Katie Yuan, a junior from RM, requested the inclusion of personal finance in county curriculums and as a graduation requirement. “Students exiting high school simply cannot thrive in today’s economy without a strong understanding of money,” Yuan said. “Student loans have soared, [and there is a] lack of equitable access to these personal finance educational opportunities.”

In response to the student speakers, Deputy Superintendent Monifa McKnight clarified some of the reasoning behind ESOL cuts. “Over the past few years, with the number of [ESOL] structures that have existed, we’ve taken a step back to see what we’re yielding as a result. A part of what we see in terms of aligning this budget is not particularly cutting excess to the needs in school of our ESOL students, but more realigning services, though] I think that’s something we can make more clear and specific so our community can better understand that.”

 

Employee Associations:

Chris Lloyd, president of the Montgomery County Education Association (MCEA), and Christine Handy, president of the Montgomery County Association of Administrators and Principals (MCAAP) and the Montgomery County Business and Operations Administrators (MCBOA), expressed approval for the budget. “[The proposed budget is] good because it takes into consideration that next year we will be facing significant challenges to recover the learning losses of our students, due to the impacts of the current pandemic,” Handy said.

Should money become available, budget priorities would include the enhancement of school leadership and administrative staffing. This would include the conversion of assistant school administrators to assistant principals and the addition of assistant principals to elementary and special schools. “It is imperative that we have strong administrative teams to handle the complex work that is required for them to lead the learning and build positive school cultures, while managing the day to day operations of a complex school community,” Handy said.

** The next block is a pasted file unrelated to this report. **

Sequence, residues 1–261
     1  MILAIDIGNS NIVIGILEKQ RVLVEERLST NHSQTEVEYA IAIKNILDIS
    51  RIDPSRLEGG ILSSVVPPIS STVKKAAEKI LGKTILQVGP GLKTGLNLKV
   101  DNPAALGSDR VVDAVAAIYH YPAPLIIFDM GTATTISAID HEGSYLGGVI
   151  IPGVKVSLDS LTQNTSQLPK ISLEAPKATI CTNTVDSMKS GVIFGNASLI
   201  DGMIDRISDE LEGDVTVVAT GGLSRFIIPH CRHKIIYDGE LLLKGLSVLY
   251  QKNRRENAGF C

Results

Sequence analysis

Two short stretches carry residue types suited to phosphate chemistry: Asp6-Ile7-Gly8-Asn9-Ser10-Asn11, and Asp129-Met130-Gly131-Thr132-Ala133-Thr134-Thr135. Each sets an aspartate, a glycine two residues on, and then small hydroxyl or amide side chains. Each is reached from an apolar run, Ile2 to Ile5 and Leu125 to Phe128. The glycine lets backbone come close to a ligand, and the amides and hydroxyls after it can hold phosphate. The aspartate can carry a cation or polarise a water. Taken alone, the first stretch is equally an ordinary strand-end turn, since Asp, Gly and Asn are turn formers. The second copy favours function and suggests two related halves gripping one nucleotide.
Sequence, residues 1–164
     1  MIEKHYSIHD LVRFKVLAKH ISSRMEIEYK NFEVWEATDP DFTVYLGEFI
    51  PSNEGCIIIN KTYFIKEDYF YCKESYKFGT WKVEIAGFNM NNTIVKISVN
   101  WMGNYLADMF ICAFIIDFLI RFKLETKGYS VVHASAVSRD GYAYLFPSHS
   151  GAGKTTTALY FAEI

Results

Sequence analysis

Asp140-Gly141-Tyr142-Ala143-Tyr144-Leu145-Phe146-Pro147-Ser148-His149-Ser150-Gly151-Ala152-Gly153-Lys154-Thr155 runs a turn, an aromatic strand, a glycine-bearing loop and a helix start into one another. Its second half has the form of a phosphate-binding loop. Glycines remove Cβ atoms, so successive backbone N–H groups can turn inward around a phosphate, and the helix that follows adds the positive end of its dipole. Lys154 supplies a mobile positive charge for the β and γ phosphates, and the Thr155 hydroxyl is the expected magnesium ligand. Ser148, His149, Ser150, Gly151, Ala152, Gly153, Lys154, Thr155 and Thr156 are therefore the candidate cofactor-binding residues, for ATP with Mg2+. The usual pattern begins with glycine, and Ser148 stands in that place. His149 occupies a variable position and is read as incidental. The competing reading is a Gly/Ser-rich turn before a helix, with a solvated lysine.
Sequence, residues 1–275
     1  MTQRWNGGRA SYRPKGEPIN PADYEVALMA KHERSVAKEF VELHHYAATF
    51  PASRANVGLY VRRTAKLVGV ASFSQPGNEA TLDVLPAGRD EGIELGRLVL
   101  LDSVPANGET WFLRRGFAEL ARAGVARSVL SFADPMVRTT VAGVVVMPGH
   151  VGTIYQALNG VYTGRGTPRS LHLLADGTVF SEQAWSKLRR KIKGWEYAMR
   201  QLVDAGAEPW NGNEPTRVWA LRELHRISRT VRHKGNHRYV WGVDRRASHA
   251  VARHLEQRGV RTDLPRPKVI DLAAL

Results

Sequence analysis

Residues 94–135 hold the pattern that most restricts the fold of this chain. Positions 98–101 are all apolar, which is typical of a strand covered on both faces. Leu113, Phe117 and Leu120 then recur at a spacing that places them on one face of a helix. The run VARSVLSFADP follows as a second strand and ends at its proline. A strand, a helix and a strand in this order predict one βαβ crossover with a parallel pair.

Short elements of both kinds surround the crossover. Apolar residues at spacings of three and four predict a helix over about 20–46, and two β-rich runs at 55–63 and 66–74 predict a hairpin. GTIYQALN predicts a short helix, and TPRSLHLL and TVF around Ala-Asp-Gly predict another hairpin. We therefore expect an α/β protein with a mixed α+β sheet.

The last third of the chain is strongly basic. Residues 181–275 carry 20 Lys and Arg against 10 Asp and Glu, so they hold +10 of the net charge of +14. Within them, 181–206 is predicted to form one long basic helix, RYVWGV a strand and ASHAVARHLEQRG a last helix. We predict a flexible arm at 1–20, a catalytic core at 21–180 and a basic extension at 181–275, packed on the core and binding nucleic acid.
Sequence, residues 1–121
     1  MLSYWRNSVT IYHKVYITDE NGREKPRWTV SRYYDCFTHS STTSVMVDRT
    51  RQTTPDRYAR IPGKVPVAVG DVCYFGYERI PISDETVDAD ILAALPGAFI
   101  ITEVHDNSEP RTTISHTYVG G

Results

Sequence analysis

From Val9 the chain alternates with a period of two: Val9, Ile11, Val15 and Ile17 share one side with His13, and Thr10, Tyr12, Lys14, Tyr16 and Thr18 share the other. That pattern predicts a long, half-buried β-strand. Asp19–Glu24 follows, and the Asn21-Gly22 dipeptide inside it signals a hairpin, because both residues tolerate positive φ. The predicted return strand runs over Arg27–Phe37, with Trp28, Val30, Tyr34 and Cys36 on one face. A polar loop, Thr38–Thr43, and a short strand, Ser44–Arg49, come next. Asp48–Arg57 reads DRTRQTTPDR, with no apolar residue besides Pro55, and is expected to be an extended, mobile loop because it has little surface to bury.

Cluster Representatives:

Cynthia Simonson, Montgomery County Council (MCC) PTA president, requested more site based and central office staff as a solution to an increased number of students needing to repeat courses. Simonson also stressed the need for clear and accurate communication, transparency around reporting, and the release of county data in accessible files.

“It is imperative that we look ahead, beyond the crisis, to how we will repair the educational, social, and emotional gaps this pandemic has caused,” Walter Johnson cluster representative Sara Cortes said. Due to disparities in the current MCPS funding allocation formulas, the WJ cluster was short on counselors before 2020 and the pandemic increased the need for staffing.

Seneca Valley cluster representative Kathy Fusto said that funds would be redirected to technology, PPE, and air cleaners, potentially neglecting updates to grade-level curriculum. “Operationally, we need to focus on getting the basics back in place, programming and curriculum that is solid from Pre-K all the way through 12th grade.”

Fusto further advocated for better communication between parents and educators, especially about data and information. “We need to have conversations, not surveys. MCPS has a lot of resources both in house and out in the community, [and] too many parents don’t know about them or can’t find them. We can take this time to think about where and how information is kept, and where it’s sent out.”